Aim: To examine whether differences in tacrolimus and mycophenolic acid (MPA) pharmacokinetics contribute to the poorer kidney transplant outcomes experienced by Aboriginal Australians.
Methods: Concentration-time profiles for tacrolimus and MPA were prospectively collected from 43 kidney transplant recipients: 27 Aboriginal and 16 Caucasian. Apparent clearance (CL/F) and distribution volume (V/F) for each individual were derived from concentration-time profiles combined with population pharmacokinetic priors, with subsequent assessment for between-group difference in pharmacokinetics. In addition, population pharmacokinetic models were developed using the prospective dataset supplemented by previously developed structural models for tacrolimus and MPA. The change in NONMEM objective function was used to assess improvement in goodness of model fit.
Results: No differences were found between Aboriginal and Caucasian groups or empirical Bayes estimates, for CL/F or V/F of MPA or tacrolimus. However, a higher prevalence of CYP3A5 expressers (26% compared with 0%) and wider between-subject variability in tacrolimus CL/F (SD = 5.00 compared with 3.25 L/h/70 kg) were observed in the Aboriginal group, though these differences failed to reach statistical significance (p =.07 and p =.08).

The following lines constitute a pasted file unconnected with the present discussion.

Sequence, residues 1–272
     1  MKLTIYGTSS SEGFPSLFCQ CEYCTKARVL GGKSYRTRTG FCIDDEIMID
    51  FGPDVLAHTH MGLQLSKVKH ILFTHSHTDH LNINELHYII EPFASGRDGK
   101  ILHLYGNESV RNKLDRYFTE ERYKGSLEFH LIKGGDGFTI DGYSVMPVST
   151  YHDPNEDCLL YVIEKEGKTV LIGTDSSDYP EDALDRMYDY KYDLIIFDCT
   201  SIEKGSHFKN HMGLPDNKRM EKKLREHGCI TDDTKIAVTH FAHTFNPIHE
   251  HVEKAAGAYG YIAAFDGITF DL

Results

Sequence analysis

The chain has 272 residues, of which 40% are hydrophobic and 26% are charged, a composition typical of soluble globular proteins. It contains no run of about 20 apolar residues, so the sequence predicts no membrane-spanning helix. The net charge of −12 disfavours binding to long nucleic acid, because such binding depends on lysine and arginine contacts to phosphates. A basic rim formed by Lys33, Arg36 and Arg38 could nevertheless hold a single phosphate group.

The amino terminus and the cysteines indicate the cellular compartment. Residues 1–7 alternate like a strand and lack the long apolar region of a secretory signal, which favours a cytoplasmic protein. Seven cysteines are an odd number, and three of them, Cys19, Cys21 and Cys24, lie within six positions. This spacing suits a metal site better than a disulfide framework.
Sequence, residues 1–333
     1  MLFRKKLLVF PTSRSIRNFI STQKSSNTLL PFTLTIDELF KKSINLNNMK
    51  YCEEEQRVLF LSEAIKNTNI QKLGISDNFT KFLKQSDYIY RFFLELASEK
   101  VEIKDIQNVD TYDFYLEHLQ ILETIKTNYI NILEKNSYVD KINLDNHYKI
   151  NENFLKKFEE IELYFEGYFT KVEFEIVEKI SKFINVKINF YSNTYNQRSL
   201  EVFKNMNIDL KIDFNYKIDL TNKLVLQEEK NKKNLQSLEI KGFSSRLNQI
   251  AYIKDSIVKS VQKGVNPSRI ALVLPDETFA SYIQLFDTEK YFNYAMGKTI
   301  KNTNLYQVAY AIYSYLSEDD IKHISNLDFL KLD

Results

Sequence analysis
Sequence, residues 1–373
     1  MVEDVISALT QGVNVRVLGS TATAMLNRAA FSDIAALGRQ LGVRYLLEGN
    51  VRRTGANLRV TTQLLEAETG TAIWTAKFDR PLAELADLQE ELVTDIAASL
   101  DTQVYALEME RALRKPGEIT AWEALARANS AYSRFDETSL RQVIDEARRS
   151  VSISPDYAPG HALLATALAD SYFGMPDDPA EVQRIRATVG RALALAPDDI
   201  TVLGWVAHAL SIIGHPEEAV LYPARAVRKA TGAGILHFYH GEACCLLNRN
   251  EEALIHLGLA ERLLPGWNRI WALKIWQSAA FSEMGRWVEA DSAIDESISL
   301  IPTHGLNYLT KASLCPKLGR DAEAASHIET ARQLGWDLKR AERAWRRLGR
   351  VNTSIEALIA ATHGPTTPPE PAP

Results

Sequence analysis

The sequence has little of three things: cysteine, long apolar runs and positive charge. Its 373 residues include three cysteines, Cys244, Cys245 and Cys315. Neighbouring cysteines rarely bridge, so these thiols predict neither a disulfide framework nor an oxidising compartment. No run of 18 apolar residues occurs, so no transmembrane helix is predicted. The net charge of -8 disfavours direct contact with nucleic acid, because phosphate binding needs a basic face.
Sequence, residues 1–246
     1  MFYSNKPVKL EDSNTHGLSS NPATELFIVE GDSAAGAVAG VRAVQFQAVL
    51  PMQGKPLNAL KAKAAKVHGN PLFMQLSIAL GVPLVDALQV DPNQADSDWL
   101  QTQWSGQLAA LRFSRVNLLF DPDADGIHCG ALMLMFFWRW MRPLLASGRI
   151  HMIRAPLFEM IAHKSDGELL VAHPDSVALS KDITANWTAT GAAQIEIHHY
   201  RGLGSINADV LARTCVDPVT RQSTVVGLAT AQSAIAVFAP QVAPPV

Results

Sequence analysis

Conclusion: There were no differences in typical tacrolimus or MPA pharmacokinetics between Aboriginal and Caucasian kidney transplant recipients. This means that Bayesian dosing tools developed to optimise tacrolimus and MPA dosing in Caucasian recipients may be applied to Aboriginal recipients. In turn, this may improve drug exposure and thereby transplant outcomes in this group. Aboriginal recipients appeared to have greater between-subject variability in tacrolimus CL/F and a higher prevalence of CYP3A5 expressers, attributes that have been linked with inferior outcomes.